No rule exists that says only athletes have to improve their strength, power and agility. In fact, improving these things should be a part of your regular exercise program. As we age, our muscles and our ability to move quickly begins to wane if we do not do something about it (think how much easier it was to stand up from the ground when you were young as opposed to now). Luckily, incorporating plyometric exercises can stave off those slower muscle reactions and get you moving faster and more powerfully so that you can do just about anything with swiftness and ease.

So what exactly is plyometric exercise? It basically involves jumping with the goal of increasing your power and your speed. Think of track runners who have to quickly get on their feet as soon as the starter pistol goes off or the tennis player who has to quickly move laterally, forward and reverse with every hit. Plyometric training plays an important role in how well these athletes do in their particular field, but it is also a way for people to get a different type of cardiovascular workout while working their muscles in a profoundly different way.

Here are some plyometric moves that you can do as a circuit, as its own cardiovascular workout done in a sets and reps scheme, or in between weight lifting sets:

1.    Box Jumps. Set up a bench or step at least twelve inches high. Using your abs and lower body strength, bring your knees up as you jump up onto the bench, stand straight up and then jump off. Continue doing this until you reach the desired amount of reps. Once it begins to get easy, raise the height of the step or bench. The key to doing these is to land in a slight squat with soft feet. In other words, do not land flat footed with a loud clunk!

2.    Traveling Squat Jumps. Sure you can squat, but can you squat jump and travel at the same time? Most squat jumps are done in place, but here, you want to take them forward with each jump in an attempt to use the explosive power from your lower body to propel yourself forward as far as possible.

3.    Lateral Jumps. Now that you have mastered jumping forward, you want to focus on lateral jumps. With both feet together and your knees slightly bent, jump to your right as high as you can and then jump to the left. Go as quickly as you can and remember to land softly with slightly bent knees. If you want a greater challenge, try jumping over a mat, low step or barbell.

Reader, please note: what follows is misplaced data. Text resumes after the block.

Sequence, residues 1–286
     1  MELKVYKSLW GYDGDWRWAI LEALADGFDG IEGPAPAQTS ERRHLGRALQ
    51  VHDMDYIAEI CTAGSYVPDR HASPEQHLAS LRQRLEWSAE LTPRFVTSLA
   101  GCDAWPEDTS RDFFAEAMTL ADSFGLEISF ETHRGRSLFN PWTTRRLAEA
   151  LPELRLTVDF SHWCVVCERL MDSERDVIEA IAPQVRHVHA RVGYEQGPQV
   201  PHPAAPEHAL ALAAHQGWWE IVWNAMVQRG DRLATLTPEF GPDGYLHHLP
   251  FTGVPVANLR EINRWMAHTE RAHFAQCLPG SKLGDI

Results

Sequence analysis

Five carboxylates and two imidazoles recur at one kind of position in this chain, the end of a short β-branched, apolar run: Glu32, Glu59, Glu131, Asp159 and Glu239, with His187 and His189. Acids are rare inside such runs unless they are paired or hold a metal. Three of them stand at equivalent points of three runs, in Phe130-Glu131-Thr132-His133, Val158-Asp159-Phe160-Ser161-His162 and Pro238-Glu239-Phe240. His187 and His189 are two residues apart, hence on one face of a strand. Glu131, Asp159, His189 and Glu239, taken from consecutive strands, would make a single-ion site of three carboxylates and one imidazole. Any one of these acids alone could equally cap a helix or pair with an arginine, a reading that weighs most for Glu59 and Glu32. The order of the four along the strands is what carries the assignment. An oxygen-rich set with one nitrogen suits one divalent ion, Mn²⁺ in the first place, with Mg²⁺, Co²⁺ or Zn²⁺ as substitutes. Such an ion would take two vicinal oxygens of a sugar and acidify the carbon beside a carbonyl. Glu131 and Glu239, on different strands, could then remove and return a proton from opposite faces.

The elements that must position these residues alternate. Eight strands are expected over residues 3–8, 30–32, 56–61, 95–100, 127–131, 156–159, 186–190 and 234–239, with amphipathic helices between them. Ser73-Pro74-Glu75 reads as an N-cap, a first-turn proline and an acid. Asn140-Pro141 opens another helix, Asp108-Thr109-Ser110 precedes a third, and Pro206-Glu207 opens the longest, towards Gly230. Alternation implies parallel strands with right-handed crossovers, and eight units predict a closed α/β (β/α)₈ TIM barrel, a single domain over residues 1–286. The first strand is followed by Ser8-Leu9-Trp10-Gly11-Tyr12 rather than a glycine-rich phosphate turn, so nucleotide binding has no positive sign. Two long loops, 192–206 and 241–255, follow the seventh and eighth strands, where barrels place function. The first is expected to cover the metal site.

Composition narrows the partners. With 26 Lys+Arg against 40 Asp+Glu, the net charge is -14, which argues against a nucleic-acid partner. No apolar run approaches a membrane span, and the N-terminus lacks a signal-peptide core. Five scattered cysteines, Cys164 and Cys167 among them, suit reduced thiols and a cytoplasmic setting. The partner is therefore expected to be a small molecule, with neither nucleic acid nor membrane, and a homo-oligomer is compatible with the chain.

4.    One-legged Burpees. As if regular burpees were not difficult enough, along comes the one-legged variety. Just like a regular burpee, you are going to place your hands on the floor and jump your feet back, but in this case, you are going to leave one leg up through the entire set of reps. Do a set with your right leg up and then switch to the left leg. This will not only challenge you aerobically, but your abdominals, hamstrings and upper body will no doubt feel it as well.

5.    Knee Tucks. Taking jumps one step further, knee tucks are a cardiovascular powerhouse. It takes very few of them to get that heart racing and requires a lot of core and lower body strength. It also takes up little space so it can be done in any little corner you find. All you have to do is jump while bringing both knees in front of you as high as you can. It helps to keep your hands at hip level so that your knees hit them as you bring them up in the jump. This sets you up for how high you want those knees to go.

6.    Plyometric Push-ups. Many plyometric exercises focus on the lower body, so here is one that targets your entire upper body. Push-ups should already be a staple in your exercise routine whether you do them on your toes or in a modified position. However, in a plyometric exercise, you are going to use all that upper body strength to push yourself up so that your hands come completely off the ground as you come up from the push-up. If doing these on your toes is too difficult, begin doing them on your knees until you gain more strength. Your goal is to get your hands completely off the ground when coming up from the push-up. Once you mastered this, you can attempt clapping your hands in between each push-up.

These are just a few examples of plyometric exercises. There are countless others that you can incorporate into your routine like plyometric lunges, one-legged lateral jumps, skater hops and suicide drills (running back and forth from one point to another as quickly as possible).

What is nice about plyometric training is that it serves as its own cardiovascular routine so once you are done, there is no need to go for a run or head for spin class. Frankly, you probably won’t have the energy. Just remember to go at your own pace even if that means only doing each exercise for 10 or less reps. Also remember that as the exercises get less difficult, you should begin utilizing the more challenging ways of doing them. Plyometric training is a great way to not only improve your strength and power, but it is also effective in breaking through a plateau.